Michael O’ Regan , Phd has been visiting Peru under a researcher links grant, exploring tourism’s role in protecting and restoring natural capital.
This work was supported by a Researcher Links grant, ID , under the Newton Fund partnership. The grant is funded by the UK Department for Business, Energy and the (Peruvian) National Council on Science, Technology and Technological Innovation (CONCYTEC) and delivered by the British Council. For further information, please visit www.newtonfund.ac.uk/ and https://www.britishcouncil.pe/en/newton-fund/researcher-links
My trip has been facilitated and enabled by the host institution in Peru – the Universidad Peruana de Ciencias Aplicadas (UPC).UPC is a private university in Lima, Perú, founded on January 5, 1994. Currently, it offers 39 career programs categorized in 12 faculties. I was located at the principal campus at distrito de Santiago de Surco in Lima, and was particularly interested in the tourism and hospitality programmes, given my research interests and position within the Department of Events & Leisure, Faculty of Management at Bournemouth.
While for-profit higher education is a controversial issue in the UK, the educational sector in still developing in Peru. Despite, having over 150 universities, the majority are fee-paying private institutions and are not research active. While Peru is home to the oldest university in the Western Hemisphere, National University of San Marcos (chartered by Charles V in 1551), there has been a lack of investment in infrastructure with only 3 out of 10 young people going to university.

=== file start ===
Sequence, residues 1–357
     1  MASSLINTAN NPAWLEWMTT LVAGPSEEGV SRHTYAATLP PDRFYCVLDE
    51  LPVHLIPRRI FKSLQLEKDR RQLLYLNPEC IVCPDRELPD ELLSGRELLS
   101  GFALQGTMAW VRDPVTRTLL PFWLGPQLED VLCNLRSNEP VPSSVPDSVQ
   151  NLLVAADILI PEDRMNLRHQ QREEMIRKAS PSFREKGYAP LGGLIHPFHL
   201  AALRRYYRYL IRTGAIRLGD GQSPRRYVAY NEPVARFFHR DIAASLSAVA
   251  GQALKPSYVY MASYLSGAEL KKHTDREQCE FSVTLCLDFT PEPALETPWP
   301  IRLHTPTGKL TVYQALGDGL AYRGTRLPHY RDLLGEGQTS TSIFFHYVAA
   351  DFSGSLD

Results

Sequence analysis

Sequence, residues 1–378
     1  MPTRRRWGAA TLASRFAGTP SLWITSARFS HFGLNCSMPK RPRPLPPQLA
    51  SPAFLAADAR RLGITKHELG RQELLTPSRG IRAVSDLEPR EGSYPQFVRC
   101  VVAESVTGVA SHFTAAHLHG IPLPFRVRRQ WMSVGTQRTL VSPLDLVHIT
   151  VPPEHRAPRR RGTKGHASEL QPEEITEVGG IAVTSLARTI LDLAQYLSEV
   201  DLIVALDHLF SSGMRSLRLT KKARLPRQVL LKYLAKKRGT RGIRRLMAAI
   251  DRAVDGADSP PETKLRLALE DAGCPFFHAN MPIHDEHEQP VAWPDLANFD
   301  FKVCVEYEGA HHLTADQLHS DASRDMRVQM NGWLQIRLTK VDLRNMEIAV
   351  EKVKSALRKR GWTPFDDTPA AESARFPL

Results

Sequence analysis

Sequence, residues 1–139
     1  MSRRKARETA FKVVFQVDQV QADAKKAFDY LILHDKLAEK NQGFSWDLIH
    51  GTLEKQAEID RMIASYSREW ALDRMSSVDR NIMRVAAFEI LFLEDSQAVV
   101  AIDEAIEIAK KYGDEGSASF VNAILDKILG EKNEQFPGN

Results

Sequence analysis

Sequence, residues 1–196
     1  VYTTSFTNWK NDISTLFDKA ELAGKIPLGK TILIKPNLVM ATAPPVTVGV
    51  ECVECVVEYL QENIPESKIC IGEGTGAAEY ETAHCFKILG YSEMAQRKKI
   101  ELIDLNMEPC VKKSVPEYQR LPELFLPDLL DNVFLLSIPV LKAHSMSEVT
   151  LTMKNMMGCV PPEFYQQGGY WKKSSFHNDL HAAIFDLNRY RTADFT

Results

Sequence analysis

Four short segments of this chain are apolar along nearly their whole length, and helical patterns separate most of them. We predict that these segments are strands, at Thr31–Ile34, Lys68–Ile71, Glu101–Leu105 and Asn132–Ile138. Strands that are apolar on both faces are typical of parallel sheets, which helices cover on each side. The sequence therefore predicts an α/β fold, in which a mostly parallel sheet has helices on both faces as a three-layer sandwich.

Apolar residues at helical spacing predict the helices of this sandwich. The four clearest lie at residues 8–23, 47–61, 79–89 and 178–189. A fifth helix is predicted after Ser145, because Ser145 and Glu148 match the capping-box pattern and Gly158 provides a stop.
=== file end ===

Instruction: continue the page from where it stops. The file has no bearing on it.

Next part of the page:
That is why I was so pleased with the investment at UPC into technology, labs, kitchens and facilities for its hospitality and tourism programmes. From mock hotel rooms to teaching kitchens, it was great to see a university, staff and students recognise tourism, hospitality and events as an important pillar for a career and Peru’s development. The boom in tourism in Peru and the global recognition of Peruvian food culture requires practical as well as management skills.
While UPC has links with many parts of the world are excellent, institutional links with the UK show potential, at a group, departmental or institutional level. The newton fund in particular has/is seeking new Peru-UK linkages. I hope to follow this up.
It was a great base to begin my research trip in Peru, as I spoke to staff teaching and studying tourism. I also learned about the role of tourism and hospitality in the country, and the growing recognition of its importance. My own presentation/lecture was centred on “Event Tourism: trends and opportunists” in Peru.
I want to thank all the staff and students at UPC, and in particular, Marizoila Fontana Roos, Directora Facultad de Administración en Hotelería y Turismo at UPC.